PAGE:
JACKSONVILLE, Fla - A Jacksonville veteran is facing the possible auction of his home in June over delinquent tax bills for storm water and solid waste fees.
Morrison Grimes said the property appraiser annual tax exemption notice gets delivered to his home without a problem, but receiving notices from the tax collector is a different story.
"I've never had notice for my storm water bill nor solid waste," said Grimes.
On May 15, a process server put him on notice that his home will be sold at an auction on June 21 for not paying past due bills.
Grimes, a disabled Air Force veteran, says his home is paid for in full and he does not want to lose it to an auction. When he was given notice about the auction the reason took him by surprise.
"I was delinquent, according to them, 6 and a half years and they're just now putting this on my door?" asked Grimes, "they never gave me anything between 6 and a half years ago that I was delinquent."
The bill has accumulated interest; what was an $1,100 debt is now $3,000.
"The city is making $2,000 off of me," he said.
Sherry Hall with the tax collector's office said the records show that Grimes was given notice.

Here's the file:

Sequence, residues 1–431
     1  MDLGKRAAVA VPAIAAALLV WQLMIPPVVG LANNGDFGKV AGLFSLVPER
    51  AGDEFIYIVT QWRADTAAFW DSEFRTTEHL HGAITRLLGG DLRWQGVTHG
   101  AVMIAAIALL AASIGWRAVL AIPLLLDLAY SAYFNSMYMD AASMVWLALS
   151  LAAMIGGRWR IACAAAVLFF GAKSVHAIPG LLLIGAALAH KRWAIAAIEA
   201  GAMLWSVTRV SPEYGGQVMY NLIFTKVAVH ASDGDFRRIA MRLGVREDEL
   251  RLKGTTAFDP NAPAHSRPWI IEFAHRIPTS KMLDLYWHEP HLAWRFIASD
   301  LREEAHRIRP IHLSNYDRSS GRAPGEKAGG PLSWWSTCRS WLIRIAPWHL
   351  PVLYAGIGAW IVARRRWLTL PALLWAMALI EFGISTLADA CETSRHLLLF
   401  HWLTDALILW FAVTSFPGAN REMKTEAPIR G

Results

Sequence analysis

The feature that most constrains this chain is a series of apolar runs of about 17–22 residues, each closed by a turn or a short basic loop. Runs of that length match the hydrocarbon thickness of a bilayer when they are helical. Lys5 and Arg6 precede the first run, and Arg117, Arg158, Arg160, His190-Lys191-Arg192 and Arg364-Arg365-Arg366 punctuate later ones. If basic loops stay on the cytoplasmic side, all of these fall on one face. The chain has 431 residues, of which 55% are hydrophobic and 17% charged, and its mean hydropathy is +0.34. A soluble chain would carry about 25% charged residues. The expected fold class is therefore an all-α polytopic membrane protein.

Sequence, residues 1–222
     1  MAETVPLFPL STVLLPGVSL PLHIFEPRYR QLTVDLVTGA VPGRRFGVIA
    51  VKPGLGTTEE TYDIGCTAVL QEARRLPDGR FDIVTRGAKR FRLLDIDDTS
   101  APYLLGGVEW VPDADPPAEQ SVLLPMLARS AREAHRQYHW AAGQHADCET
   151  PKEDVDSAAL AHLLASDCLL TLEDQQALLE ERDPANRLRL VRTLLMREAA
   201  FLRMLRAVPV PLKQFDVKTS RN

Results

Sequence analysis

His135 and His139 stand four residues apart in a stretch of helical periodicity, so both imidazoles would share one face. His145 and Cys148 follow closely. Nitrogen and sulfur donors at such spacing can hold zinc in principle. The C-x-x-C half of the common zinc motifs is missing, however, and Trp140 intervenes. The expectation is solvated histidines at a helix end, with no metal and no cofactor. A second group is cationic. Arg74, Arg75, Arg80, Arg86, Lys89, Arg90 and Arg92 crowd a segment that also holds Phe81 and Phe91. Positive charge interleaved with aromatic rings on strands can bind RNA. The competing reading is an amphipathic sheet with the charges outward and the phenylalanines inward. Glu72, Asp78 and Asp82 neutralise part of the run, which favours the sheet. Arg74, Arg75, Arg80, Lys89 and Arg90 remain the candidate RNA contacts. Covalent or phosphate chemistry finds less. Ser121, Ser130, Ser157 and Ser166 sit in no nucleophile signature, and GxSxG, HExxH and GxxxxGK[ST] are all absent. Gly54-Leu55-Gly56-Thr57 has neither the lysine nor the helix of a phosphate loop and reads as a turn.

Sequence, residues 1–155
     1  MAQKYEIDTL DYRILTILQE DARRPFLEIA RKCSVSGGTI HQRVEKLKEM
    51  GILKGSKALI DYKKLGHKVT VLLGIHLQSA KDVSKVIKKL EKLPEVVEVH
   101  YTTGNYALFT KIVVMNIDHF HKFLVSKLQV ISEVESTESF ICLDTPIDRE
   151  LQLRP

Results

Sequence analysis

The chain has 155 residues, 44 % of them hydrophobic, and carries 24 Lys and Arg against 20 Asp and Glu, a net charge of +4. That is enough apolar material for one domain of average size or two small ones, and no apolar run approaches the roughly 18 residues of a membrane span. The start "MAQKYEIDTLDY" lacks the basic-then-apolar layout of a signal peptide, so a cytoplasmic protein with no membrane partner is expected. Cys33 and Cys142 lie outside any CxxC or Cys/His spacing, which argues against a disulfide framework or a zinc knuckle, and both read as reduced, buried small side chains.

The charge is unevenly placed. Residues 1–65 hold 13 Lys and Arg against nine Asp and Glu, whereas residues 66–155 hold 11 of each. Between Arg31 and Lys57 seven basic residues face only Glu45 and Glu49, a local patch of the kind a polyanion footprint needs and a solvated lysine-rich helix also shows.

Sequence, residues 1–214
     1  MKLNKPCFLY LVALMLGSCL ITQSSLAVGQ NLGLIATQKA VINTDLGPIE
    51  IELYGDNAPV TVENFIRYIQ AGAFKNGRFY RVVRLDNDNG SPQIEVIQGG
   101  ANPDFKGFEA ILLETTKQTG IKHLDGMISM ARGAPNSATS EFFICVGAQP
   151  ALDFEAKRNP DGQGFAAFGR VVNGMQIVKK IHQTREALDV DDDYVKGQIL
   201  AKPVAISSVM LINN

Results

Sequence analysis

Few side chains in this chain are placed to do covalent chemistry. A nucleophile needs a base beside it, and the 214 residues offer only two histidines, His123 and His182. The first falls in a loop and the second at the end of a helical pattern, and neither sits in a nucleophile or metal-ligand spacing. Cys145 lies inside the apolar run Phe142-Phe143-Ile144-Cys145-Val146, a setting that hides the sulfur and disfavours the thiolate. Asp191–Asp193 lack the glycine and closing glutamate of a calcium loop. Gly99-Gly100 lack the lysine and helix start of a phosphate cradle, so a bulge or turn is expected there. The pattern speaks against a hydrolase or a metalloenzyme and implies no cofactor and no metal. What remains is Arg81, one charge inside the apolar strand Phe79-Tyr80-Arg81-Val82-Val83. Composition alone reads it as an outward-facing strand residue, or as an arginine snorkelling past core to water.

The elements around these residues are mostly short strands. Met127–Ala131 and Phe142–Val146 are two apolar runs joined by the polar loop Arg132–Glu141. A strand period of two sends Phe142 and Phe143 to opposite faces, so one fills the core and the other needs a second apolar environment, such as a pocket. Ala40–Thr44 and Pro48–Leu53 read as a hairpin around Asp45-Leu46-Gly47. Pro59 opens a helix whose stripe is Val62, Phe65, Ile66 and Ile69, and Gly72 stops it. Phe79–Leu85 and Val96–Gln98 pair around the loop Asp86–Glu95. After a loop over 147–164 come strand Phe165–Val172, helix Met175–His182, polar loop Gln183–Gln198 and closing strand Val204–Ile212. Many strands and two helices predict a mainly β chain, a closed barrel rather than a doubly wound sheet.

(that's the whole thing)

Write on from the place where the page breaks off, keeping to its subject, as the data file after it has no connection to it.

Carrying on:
"We sent notice to the address on file," said Hall, "whether it was delivered to a home address or former P.O. Box we do not know, but notices were definitely sent."
Grimes said it was not a diligent effort.
"If they don't receive a payment from me for the 6 and a half years you would think they would mail it to my resident's address," said Grimes, "rather than to a P.O. Box which was deactivated 12 and a half years ago."
Hall said Grimes was also placed on notice in 2013 when he redeemed a tax certificate.
"We told him in 2013 he needed to correct the property address," she said
Grimes has resigned to the fact that it is an uphill battle. He said he tried to reason with the tax collector's office but is being told he owes the bill.
"I am going to pay the bill, " said Grimes. "I have no other choice."
Grimes said he asked for a waiver on the interest charges and it was denied.
"State law does not allow us to waive interest and fees," said Hall.
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